In our special Hospitality ON issue on hospitality management schools and trainings (No 308-309/May-June 2021) we interviewed Academic Directors of renowned hotel schools around the world. Here we unveil insights from Wouter Hensens Executive Dean of Stenden South Africa.
What innovations, programmes and projects have been implemented in your school over the last two years?
In 2019 we have started the implementation of Design Based Education in our curriculum. This is an extension of our already innovative methods of Problem Based Learning and Case Based Learning where students work together in small groups to construct knowledge in a Real World setting. With Design Based Education we take this a step further and work with industry partners to expose students to real world dilemma’s that they have to find solutions for, test these solutions, get feedback, and optimize them. With the implementation of Design Based Education, we find that we make the gap from study to work even smaller.
Due to the COVID-19, we have implemented different online learning and assessment platforms and methods to ensure that we could continue our teaching and learning. This has worked so well that we have decided to apply for accreditation for full online studies at Stenden South Africa. We hope that this accreditation will be in place within the next 24 months. This will provide unique opportunities for hospitality professionals in Africa that want to study towards a bachelors degree, but cannot do so full-time.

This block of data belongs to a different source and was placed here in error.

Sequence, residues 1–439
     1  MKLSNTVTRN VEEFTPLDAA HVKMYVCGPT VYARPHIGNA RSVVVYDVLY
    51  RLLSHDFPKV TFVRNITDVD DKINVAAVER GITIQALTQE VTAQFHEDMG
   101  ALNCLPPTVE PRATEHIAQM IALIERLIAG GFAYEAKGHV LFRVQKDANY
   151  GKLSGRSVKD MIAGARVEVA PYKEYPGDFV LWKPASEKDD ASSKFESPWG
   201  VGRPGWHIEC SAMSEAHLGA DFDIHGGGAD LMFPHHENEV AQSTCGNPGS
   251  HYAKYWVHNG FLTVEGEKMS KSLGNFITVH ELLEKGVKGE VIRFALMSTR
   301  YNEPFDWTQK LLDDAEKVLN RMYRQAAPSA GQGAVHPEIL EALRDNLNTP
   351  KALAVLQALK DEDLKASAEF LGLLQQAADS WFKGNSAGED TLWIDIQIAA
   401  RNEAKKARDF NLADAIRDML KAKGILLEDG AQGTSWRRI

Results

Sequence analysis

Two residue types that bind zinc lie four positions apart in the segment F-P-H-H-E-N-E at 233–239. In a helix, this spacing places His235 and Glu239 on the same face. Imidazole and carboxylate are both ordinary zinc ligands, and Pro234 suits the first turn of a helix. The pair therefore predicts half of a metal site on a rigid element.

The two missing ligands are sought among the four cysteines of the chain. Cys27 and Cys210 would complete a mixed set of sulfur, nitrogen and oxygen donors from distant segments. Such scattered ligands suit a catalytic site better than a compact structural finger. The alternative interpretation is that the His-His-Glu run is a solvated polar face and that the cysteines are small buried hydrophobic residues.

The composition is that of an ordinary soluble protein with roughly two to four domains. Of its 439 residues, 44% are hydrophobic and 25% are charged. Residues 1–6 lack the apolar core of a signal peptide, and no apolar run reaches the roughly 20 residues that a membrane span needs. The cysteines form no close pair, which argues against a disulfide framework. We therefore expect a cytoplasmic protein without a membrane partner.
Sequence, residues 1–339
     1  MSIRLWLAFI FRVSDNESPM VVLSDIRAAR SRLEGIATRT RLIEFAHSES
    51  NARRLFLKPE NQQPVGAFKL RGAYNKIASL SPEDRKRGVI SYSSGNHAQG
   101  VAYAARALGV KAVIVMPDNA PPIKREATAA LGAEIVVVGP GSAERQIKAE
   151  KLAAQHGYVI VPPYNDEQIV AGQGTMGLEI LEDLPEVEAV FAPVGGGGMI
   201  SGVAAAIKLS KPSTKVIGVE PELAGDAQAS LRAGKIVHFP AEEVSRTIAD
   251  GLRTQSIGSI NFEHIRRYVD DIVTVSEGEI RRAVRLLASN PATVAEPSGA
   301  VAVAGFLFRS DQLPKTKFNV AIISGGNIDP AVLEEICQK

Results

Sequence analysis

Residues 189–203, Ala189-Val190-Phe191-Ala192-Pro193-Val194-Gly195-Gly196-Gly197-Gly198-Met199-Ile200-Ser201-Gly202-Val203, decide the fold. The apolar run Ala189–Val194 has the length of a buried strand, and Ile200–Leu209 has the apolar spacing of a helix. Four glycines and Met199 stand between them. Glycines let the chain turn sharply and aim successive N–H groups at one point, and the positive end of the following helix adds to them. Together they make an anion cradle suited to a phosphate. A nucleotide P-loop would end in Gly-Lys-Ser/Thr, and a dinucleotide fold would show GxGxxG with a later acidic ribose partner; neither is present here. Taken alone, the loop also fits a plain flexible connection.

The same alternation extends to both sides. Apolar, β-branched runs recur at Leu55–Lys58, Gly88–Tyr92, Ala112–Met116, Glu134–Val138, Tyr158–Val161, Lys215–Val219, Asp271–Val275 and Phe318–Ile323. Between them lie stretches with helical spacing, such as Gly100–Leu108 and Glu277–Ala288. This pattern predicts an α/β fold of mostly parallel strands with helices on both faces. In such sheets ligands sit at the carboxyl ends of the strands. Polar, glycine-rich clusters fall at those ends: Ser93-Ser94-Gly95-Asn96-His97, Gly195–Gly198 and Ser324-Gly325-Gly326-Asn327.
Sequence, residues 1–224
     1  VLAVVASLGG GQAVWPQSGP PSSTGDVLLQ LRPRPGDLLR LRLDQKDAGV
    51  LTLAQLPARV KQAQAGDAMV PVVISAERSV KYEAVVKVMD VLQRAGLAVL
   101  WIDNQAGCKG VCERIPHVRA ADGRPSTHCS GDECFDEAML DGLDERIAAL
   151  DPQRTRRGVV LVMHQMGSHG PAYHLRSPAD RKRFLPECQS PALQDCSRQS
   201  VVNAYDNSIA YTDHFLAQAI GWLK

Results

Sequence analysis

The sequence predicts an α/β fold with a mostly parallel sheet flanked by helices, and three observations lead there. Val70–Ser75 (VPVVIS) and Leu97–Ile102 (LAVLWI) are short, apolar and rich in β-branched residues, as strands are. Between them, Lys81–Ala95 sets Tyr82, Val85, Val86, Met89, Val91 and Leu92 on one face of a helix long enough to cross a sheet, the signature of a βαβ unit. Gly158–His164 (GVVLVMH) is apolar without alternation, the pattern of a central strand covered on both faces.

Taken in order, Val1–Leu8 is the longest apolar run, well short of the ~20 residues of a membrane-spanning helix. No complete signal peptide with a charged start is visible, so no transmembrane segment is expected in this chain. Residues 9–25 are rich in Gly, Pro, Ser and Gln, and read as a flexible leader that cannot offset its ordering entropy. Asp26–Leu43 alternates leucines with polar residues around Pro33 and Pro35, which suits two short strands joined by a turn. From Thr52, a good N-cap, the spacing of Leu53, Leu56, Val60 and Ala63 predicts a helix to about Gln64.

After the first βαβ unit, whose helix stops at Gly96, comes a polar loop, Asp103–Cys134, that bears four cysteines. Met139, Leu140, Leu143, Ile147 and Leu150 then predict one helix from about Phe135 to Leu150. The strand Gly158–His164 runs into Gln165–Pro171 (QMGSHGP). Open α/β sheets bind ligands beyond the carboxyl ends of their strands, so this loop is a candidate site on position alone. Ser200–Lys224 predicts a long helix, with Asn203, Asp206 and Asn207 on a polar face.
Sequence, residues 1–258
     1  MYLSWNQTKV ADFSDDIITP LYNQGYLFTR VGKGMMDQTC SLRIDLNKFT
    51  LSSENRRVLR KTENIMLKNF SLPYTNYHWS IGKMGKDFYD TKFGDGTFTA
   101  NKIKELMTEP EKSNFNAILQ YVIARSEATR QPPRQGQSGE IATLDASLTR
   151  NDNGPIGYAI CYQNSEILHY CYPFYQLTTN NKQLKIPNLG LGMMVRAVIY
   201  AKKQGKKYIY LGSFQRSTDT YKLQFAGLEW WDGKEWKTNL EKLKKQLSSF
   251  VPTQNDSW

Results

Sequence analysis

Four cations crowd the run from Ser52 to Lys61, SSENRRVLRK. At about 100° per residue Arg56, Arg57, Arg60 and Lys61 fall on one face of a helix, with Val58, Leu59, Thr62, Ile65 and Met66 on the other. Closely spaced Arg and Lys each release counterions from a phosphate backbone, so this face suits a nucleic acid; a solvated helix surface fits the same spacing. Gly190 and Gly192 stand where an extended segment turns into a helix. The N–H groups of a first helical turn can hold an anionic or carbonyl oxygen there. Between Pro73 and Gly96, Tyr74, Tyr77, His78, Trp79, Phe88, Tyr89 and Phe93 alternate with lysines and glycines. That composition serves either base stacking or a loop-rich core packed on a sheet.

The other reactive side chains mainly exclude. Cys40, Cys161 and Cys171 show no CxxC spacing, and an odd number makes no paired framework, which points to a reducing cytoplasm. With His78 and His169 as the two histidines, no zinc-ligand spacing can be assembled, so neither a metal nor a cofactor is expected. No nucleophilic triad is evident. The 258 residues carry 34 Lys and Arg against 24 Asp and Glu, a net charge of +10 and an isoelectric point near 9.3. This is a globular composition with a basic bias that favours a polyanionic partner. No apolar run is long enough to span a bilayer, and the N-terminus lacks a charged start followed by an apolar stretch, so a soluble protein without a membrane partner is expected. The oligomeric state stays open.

What approach(es) has your school chosen to train its students? What are the specificities of your schools?
Our philosophy is that the student should drive the learning, and that students learn better when they are learning from each other in a real world context.
We therefore work with Problem Based Learning, Case Based Learning, and Design Based Learning throughout the program to make sure that learning is challenging, fun, and directly linked to the professional challenges of the industry.
Also in terms of operational skills, we like to bring our training as close to the real world as we can. We therefore operate our own 4* boutique hotel (www. mypondhotel.com) where students train their operational management skills. In year 1 students spent 9 weeks in all departments to learn all the basic skills involved in a hotel operation. In year 2, students come back for 4 weeks to train as a student supervisor. They are now required to look after a small team of first year students and are exposed to the role of supervision. In their 3rd year, students train for 4 weeks as a student manager. They may now choose which department to specialize in further and are responsible for the day to day management of this department. Of course all of this happens under the guidance of a team of experienced practical instructors as the hotel receives real guests with high expectations.